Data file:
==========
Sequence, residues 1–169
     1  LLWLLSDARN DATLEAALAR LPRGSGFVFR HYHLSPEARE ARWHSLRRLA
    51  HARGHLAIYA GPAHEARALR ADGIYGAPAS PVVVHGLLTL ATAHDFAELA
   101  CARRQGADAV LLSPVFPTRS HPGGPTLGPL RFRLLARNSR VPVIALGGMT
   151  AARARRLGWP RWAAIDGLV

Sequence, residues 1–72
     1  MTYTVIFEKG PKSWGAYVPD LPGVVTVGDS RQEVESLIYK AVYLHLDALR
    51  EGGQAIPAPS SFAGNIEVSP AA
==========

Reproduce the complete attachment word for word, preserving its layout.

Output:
Sequence, residues 1–169
     1  LLWLLSDARN DATLEAALAR LPRGSGFVFR HYHLSPEARE ARWHSLRRLA
    51  HARGHLAIYA GPAHEARALR ADGIYGAPAS PVVVHGLLTL ATAHDFAELA
   101  CARRQGADAV LLSPVFPTRS HPGGPTLGPL RFRLLARNSR VPVIALGGMT
   151  AARARRLGWP RWAAIDGLV

Sequence, residues 1–72
     1  MTYTVIFEKG PKSWGAYVPD LPGVVTVGDS RQEVESLIYK AVYLHLDALR
    51  EGGQAIPAPS SFAGNIEVSP AA